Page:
By Michelle Caceres

While many high school seniors are still waiting to hear about college acceptances, Newsome student Josh Costlow has accepted a much-coveted appointment to the United States Merchant Marine Academy (USMMA).

The USMMA, also called Kings Point, is one of five U.S. service academies and is located in Kings Point, New York, approximately 20 miles east of New York City. The Merchant Marine is the fleet of ships which carries imports and exports during peacetime and becomes a naval auxiliary during wartime to deliver troops and war material.

Costlow learned about this oft-overlooked school after attending a Naval Academy leadership and baseball camp last year. He was scouted by the USMMA’s baseball coach, who contacted him the following week with an offer to play baseball for the school.
For Costlow, who has been playing baseball for more than 12 years, his dream of playing at the college level and serving his country (his grandfather graduated from the Naval Academy) was within reach, barring one major hurdle.

“The coach told me I could play for them but I would have to get an appointment to the school based on my academics,” said Costlow.

Before he could apply to the Academy, he needed to earn a nomination from a U.S. congressman. He filled out an application for appointment by U.S. Representative Dennis Ross and was granted an interview by his advisory board.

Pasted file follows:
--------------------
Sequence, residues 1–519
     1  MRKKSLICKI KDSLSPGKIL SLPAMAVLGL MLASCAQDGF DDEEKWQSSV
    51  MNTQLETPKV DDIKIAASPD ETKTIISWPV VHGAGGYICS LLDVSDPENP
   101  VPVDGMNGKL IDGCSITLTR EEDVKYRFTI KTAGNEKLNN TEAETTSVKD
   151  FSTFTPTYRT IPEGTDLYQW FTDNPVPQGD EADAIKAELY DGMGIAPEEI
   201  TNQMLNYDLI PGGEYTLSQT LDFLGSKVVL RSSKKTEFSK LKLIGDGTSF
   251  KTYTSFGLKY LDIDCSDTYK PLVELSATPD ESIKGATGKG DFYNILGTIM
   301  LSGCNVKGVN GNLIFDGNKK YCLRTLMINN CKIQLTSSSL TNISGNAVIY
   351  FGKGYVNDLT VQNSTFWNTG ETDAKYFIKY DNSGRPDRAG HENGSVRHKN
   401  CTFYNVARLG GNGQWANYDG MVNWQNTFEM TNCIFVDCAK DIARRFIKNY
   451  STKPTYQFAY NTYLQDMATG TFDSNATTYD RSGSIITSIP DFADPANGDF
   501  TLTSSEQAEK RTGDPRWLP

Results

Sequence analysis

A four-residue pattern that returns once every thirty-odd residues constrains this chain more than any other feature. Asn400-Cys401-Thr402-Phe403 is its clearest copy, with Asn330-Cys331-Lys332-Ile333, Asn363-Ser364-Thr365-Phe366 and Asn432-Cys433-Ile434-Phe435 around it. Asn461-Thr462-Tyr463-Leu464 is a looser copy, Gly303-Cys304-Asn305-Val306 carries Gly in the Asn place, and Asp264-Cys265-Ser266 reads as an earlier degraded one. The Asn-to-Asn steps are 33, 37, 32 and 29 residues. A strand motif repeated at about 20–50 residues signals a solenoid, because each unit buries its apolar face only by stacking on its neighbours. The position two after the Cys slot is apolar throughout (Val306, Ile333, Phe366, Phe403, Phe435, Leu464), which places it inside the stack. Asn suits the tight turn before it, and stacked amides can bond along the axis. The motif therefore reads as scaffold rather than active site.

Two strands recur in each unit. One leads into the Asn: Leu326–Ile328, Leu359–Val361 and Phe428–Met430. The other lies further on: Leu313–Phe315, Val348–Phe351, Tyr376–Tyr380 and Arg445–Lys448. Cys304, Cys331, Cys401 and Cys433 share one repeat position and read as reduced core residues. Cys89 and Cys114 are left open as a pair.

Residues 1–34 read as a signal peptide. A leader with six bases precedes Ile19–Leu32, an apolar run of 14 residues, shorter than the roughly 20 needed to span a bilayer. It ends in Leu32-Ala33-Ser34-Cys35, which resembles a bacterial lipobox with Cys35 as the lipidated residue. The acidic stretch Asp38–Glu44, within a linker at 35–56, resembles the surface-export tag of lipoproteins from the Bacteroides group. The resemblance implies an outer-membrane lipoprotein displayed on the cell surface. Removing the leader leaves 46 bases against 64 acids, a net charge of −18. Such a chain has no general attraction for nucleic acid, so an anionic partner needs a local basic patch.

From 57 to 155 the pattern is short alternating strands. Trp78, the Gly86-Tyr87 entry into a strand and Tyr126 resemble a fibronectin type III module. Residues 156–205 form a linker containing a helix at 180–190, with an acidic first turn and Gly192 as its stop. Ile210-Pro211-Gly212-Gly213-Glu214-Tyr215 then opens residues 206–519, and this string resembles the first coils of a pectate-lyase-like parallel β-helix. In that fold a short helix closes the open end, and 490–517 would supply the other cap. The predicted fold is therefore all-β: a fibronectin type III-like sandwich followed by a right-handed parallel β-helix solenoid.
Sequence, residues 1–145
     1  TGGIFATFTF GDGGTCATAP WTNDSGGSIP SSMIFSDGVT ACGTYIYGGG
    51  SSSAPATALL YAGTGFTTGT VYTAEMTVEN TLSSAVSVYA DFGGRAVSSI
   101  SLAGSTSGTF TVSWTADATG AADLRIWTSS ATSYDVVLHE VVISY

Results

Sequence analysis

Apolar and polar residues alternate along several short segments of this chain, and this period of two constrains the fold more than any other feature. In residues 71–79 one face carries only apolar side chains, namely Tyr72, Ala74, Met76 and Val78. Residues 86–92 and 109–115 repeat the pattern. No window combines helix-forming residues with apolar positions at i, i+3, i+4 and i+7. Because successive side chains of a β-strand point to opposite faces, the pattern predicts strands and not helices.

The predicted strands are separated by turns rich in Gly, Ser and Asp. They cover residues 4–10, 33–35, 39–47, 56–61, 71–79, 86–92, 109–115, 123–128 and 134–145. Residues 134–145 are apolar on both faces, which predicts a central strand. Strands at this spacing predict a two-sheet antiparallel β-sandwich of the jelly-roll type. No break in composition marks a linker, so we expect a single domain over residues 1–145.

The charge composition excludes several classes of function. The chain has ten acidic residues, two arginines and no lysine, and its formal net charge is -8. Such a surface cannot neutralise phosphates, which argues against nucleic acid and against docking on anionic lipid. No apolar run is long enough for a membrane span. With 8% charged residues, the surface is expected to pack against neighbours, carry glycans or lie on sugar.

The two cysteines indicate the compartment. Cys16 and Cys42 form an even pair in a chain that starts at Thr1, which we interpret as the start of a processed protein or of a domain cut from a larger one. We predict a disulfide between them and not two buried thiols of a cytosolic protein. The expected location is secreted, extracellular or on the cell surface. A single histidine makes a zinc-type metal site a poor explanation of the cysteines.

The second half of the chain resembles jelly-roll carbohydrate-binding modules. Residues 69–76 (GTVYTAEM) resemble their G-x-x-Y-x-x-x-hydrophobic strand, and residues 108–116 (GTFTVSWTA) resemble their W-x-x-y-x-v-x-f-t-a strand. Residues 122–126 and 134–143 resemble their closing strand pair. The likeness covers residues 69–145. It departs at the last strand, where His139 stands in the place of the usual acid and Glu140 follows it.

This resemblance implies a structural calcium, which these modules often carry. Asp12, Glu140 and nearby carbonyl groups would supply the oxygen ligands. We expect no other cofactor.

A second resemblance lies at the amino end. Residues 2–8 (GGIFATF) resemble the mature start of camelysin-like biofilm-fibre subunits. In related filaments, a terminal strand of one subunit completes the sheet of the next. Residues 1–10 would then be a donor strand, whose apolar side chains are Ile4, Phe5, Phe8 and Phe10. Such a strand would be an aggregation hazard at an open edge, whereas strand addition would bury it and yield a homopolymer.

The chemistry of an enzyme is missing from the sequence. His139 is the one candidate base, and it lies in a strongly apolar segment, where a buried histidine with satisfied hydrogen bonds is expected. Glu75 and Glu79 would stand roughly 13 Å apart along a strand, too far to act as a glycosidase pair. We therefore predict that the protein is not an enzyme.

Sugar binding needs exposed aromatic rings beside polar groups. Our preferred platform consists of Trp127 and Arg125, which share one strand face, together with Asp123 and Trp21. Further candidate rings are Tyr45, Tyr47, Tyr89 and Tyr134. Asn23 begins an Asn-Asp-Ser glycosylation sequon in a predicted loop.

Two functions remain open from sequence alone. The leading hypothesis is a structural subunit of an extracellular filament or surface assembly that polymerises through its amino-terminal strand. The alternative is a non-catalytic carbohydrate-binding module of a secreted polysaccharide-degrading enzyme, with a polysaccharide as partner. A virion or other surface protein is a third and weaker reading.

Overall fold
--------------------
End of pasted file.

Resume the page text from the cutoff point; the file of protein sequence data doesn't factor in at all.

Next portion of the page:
“The board seemed impressed that I was an Eagle Scout,” said Costlow, who was given an appointment by Ross.

After the appointment, Costlow completed the lengthy service academy application, complete with transcript, letters of recommendation and essay. Candidates must also complete a fitness assessment and medical exam.

Nothing could prepare him for the flood of emotions upon learning he had earned an appointment to the Academy. “In a short time I went from not even knowing the school existed to not only being admitted but being given the opportunity to play college baseball as well,” he said. “I’m excited to start the next chapter of my life.”

Known for its rigorous academic program, USMMA requires more credit hours for a baccalaureate degree than any other service academy. Coursework is augmented by the Academy’s Sea year experience, which gives midshipmen the hands-on experience aboard working commercial vessels sailing to ports around the world. Upon graduation, midshipmen earn a Bachelor of Science degree, a U.S. Coast Guard license and an officer’s commission in the U.S. Armed Forces.

Costlow, who will major in Engineering, will have a service obligation upon graduation but will be able to select from options such as a ship’s officer at sea, ashore in the maritime transportation field or as an active-duty officer in one of the Armed Forces.
He reports to the Academy on June 26.

His father, Christian Costlow, says his son has applied himself for years to working hard and improving his knowledge and skills while balancing his commitment to his faith. “This is his first reward,” said the proud parent.

For more information about USMMA visit www.usmma.edu.